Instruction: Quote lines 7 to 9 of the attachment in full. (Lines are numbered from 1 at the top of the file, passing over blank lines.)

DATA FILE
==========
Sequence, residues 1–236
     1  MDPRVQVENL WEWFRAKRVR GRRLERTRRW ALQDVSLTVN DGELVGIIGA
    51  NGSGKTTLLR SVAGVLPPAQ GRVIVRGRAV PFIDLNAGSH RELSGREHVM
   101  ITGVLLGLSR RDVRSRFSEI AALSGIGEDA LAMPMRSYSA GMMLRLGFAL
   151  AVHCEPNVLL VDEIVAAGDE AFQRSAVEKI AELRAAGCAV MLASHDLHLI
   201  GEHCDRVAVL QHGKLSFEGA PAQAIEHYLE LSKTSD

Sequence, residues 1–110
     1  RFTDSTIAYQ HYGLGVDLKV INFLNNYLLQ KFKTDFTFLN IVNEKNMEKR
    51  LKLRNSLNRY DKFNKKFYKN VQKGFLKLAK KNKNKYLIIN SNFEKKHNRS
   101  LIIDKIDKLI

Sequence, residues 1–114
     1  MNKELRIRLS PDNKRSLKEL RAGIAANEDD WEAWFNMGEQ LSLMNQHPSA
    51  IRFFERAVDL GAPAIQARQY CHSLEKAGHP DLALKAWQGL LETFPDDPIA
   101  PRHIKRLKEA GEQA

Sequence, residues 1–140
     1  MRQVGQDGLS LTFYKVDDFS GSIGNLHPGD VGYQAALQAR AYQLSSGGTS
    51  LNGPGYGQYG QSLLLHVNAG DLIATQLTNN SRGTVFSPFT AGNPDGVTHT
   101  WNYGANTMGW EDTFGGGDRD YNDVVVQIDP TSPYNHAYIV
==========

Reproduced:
Sequence, residues 1–110
     1  RFTDSTIAYQ HYGLGVDLKV INFLNNYLLQ KFKTDFTFLN IVNEKNMEKR
    51  LKLRNSLNRY DKFNKKFYKN VQKGFLKLAK KNKNKYLIIN SNFEKKHNRS